If a Colt C&B or SAA revolver is correctly set up the hand will neither wear or batter the cylinder ratchet teeth; the reason being that the hand cannot keep pushing on the ratchet after the hammer's further rotation has been blocked. The need to harden the tip of the hand is questionable, but it will have no negative affects. Same with the tip of the trigger.

    In the original guns the only lockwork part that was case hardened was the hammer.

    Today's Colt SAA hands are made of high carbon steel, and heat treated for optimal hardness.
     
  8. denster

    denster Member

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    As to S&W and double action revolvers in general that is correct. In fact a good percentage of the 60 degree rotational cycle assuming a six shot revolver is accomplished by the left top edge of the hand and the side of the hand. Hand thickness and hand window width being the operative factors to lockup timing.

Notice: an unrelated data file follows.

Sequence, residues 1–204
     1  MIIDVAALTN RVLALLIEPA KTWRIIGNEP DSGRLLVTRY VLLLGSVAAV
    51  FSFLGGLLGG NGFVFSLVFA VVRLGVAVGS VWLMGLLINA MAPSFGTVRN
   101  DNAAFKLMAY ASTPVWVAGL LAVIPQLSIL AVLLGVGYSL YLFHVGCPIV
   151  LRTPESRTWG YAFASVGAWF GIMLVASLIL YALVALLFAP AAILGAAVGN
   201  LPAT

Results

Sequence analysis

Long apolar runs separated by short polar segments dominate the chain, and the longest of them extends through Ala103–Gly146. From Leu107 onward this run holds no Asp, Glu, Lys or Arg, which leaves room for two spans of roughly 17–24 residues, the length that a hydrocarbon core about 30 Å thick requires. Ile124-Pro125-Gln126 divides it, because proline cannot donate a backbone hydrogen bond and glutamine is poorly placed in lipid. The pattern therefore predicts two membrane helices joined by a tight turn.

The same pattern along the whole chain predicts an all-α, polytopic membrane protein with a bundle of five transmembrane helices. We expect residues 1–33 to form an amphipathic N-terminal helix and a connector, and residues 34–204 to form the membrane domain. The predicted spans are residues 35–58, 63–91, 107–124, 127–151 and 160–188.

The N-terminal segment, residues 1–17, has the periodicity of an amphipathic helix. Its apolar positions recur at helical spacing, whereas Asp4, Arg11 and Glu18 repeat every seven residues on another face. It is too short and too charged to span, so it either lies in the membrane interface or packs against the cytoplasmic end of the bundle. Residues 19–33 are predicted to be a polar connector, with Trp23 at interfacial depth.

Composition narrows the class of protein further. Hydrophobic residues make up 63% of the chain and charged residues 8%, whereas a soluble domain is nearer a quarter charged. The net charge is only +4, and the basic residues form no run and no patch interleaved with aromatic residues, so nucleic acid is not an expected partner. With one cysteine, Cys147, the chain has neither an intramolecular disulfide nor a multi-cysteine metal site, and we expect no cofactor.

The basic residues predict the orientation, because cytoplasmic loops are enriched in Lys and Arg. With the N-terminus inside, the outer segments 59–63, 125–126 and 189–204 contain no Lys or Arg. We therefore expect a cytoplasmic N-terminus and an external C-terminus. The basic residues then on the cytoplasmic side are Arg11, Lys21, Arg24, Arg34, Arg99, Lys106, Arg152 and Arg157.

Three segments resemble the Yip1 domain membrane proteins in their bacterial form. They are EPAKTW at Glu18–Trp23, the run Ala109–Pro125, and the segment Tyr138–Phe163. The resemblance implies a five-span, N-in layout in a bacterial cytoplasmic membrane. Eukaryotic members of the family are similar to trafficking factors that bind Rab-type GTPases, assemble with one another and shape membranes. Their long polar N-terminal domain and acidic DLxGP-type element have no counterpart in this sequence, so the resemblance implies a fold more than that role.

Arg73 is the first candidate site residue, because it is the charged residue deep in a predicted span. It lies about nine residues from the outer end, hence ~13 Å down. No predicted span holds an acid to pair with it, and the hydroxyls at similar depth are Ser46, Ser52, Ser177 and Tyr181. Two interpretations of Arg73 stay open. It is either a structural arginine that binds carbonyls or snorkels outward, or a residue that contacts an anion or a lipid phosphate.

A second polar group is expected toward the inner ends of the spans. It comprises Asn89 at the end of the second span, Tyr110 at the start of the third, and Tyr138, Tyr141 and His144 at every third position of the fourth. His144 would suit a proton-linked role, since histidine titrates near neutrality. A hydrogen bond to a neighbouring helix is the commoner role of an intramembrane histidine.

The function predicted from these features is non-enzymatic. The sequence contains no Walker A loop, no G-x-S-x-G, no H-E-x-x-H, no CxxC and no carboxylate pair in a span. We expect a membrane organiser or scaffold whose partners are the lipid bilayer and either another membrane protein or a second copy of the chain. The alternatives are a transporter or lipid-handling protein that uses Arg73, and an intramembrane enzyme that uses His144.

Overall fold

All triggers need to be hardened at least at the tip. Not being so will result in an unsafe revolver in short order.
    As to hardening the hand why do something that will accomplish nothing? In any case you are right it probably will not cause any significant wear to the cylinder barring extreme usage. If you are going to do it don't forget to remove the hand spring first.
    As to Colt SAA hands you may know something I don't. They do however file like they are dead soft.
     
  9. 1KPerDay

    1KPerDay Member

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  10. denster

    denster Member

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    Rifle